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 African Business Network 101
“That’s the core of who we are. Every investment and every business opportunity is formed from the view of the end bene ciary, who is receiving an a ordable and high- quality product or service,” says Jimerson.
“At times, we may not price things at the highest margins and we may not get the highest return from that situation because we want to balance making returns with providing an a ordable service to the industry market.”
Agricultural focus
When Musa Capital was formed over 20 years ago, it entered into a number of investment sectors on the continent including natural resources, telecommunications and infrastructure.
However, the creation of Musa Group and the subsequent transition into becoming a trading body has seen the business undertake new focuses.
As sectors such as telecommunications have matured and become dominated by large  rms (such as MTN and Vodacom in South Africa), Musa has skimmed away from such industries and gravitated towards spaces in the African agricultural sector.
Not only is agriculture a market which is less monopolistic and saturated across several African nations, it is also an area which has the potential to transform millions of lives if developed.
“One of Africa’s richest resources is its agriculture. It has some of the most
arable land on the planet that’s currently uncultivated and yet people are starving, so again it’s coming back to delivering our ethos of doing good and doing well.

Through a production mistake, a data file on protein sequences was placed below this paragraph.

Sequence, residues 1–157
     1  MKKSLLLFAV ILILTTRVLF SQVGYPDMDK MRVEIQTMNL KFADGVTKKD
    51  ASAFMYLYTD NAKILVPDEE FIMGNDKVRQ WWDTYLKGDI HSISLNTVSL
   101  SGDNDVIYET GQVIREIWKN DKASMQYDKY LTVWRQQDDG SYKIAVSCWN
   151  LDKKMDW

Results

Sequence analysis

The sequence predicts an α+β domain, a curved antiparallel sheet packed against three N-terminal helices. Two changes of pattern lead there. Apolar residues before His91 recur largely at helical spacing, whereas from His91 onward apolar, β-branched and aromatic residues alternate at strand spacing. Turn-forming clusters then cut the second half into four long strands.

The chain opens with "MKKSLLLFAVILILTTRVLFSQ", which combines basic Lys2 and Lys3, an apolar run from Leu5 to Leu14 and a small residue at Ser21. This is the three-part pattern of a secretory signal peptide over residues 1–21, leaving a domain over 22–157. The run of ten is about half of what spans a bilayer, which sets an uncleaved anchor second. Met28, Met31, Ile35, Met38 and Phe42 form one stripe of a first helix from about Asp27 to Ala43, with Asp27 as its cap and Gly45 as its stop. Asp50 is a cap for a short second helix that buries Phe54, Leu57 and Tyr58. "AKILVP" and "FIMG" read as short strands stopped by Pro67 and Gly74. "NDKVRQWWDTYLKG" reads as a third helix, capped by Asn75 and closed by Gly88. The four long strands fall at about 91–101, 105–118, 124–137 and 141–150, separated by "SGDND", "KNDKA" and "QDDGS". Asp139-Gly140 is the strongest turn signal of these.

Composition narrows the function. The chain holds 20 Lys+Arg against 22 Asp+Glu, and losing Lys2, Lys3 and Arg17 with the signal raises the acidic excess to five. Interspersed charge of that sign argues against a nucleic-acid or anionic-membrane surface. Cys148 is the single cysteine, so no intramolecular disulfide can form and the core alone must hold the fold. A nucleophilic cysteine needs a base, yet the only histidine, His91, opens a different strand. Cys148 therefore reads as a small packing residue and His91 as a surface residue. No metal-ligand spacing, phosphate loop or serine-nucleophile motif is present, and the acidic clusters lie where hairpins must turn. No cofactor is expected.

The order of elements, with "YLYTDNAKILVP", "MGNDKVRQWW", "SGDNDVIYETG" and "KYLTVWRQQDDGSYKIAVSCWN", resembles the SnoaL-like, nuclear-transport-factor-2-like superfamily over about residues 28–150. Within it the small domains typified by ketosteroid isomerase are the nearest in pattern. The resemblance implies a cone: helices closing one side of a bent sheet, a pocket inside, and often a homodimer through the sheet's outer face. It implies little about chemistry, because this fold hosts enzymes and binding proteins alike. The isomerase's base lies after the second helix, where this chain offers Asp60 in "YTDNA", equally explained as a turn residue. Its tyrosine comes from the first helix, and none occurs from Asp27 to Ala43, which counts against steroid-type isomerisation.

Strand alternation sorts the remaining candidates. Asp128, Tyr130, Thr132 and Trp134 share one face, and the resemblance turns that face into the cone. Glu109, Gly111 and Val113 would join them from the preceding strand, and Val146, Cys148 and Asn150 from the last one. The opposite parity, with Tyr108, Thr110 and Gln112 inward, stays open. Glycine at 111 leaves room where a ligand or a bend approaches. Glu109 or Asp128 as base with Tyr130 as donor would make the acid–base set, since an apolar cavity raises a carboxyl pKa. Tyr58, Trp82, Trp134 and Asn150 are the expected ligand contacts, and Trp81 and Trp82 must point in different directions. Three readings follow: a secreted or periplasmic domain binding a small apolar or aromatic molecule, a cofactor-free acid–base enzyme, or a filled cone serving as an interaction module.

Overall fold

“We’ve chosen to migrate into areas such as agriculture and are taking the same skillsets we have already learnt and applying them to areas that are underserved.”
Therefore, with various estimates suggesting that up to 65% of the world’s uncultivated arable land is found in Africa, Musa saw agriculture as a particularly fertile area for investment and made its  rst foray into the South African agribusiness sphere two years ago.
But as fate would have it, Musa’s entry into the sector was met with South Africa’s biggest drought in 30 years, with the thirst-sapping conditions persisting for another 12 months across several regions in the country.
Such challenging circumstances proved to be a baptism of  re for Musa in a sector which is vulnerable to the impact of extreme changes in climate. However, the region is  nally now starting to see the rains coming back, which is only a positive for Musa.
“We started with a 350-hectare farm in the Natal province of South Africa, primarily farming various vegetables such as cabbages, butternut and potatoes.


































































































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